Tanner Hento
Avon High School

The effect of bubble size on the removal of ink


Recycling paper is an important process in today's society.  However, in order to successfully recycle paper contaminants such as ink need to be removed. One such method is to bubble air through a mixture of newspaper, water, and soap. The purpose of this experiment was to look at the relationship between bubble size and the amount of ink removed.  Using a blender, I ground up some used copier paper with a common dishwashing surfactant, water and then bubbled air through the mixture. A mixture of foam and ink would rise to the top, which was then collected and filtered. Using a stereomicroscope I then counted the number of ink specks that remained on the filter paper.  I also massed this filter paper and compared it to the mass of filter paper for the control solution for which I had not bubbled air through.  I then repeated this experiment for different sized bubbles.  By comparing the number of ink specks and the difference in mass between the sample and the control filter paper I could determine which bubble size removed the most ink.  The smallest bubble averaged 17 ink specks/ 0.5 mm2, and the largest bubble averaged 5 ink specks/ 0.5 mm2. The smallest bubble recorded an average mass of 0.39 grams, while the largest bubble had an average of 0.32 grams. I concluded that the smallest bubble size collected the most ink.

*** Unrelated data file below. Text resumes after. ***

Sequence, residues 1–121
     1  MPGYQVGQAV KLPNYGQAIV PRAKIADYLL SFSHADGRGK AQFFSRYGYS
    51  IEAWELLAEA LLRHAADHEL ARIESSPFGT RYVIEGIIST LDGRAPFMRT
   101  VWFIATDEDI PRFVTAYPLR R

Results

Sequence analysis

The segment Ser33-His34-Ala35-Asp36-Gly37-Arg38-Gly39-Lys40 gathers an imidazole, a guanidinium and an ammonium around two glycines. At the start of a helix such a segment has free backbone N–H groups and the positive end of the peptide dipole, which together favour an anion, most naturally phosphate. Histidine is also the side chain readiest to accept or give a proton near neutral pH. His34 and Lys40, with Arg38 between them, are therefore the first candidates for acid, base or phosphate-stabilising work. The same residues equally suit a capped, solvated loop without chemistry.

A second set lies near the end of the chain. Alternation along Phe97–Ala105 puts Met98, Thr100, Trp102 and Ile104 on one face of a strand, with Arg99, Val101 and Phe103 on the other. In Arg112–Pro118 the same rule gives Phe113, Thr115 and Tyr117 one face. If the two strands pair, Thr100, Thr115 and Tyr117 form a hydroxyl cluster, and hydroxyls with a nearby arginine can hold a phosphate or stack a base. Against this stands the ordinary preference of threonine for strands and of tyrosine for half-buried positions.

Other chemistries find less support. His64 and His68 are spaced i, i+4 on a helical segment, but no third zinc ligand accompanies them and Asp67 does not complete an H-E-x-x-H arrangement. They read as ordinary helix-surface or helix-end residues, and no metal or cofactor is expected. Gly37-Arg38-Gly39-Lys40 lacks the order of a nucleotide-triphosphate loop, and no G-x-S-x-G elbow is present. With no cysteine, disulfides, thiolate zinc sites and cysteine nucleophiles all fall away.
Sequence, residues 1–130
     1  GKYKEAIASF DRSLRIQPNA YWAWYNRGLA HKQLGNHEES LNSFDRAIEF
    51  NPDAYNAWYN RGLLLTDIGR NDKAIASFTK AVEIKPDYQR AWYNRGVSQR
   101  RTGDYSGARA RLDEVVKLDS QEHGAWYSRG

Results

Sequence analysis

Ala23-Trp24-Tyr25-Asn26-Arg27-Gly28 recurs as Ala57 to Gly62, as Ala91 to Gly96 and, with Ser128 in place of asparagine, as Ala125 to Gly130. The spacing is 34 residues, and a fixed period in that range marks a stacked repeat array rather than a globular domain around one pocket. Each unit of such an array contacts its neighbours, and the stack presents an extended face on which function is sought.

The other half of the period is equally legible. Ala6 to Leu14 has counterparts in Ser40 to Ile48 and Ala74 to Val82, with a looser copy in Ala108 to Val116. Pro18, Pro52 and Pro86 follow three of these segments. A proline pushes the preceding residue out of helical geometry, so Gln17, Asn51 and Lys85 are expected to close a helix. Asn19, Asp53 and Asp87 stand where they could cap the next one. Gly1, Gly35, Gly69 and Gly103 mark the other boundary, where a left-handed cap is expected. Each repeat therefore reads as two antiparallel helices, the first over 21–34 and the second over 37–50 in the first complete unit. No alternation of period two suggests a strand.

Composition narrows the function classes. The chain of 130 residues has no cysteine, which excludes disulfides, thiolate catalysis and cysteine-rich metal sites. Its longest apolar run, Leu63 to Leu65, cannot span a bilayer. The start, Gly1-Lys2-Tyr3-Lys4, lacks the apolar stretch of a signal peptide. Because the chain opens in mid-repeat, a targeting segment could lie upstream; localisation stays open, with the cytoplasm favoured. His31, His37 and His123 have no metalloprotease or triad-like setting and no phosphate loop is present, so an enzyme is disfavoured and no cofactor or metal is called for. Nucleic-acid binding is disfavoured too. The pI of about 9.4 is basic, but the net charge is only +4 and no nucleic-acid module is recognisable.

The benefits of my project were to create the most efficient method of removing contaminants, such as ink, from newspaper.  This would save time, money, and energy for the recycling processor.